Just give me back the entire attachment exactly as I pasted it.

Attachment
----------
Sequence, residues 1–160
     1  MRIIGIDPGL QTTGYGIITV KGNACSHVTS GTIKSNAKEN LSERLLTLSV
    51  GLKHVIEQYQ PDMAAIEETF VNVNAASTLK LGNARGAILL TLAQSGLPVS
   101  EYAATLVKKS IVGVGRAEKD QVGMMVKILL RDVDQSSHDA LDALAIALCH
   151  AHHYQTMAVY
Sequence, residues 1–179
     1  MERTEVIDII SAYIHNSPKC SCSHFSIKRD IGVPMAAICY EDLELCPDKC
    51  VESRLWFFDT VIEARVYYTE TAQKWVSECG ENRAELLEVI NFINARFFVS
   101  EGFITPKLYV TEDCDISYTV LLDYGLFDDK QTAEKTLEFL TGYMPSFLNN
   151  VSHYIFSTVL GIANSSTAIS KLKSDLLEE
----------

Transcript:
Sequence, residues 1–160
     1  MRIIGIDPGL QTTGYGIITV KGNACSHVTS GTIKSNAKEN LSERLLTLSV
    51  GLKHVIEQYQ PDMAAIEETF VNVNAASTLK LGNARGAILL TLAQSGLPVS
   101  EYAATLVKKS IVGVGRAEKD QVGMMVKILL RDVDQSSHDA LDALAIALCH
   151  AHHYQTMAVY
Sequence, residues 1–179
     1  MERTEVIDII SAYIHNSPKC SCSHFSIKRD IGVPMAAICY EDLELCPDKC
    51  VESRLWFFDT VIEARVYYTE TAQKWVSECG ENRAELLEVI NFINARFFVS
   101  EGFITPKLYV TEDCDISYTV LLDYGLFDDK QTAEKTLEFL TGYMPSFLNN
   151  VSHYIFSTVL GIANSSTAIS KLKSDLLEE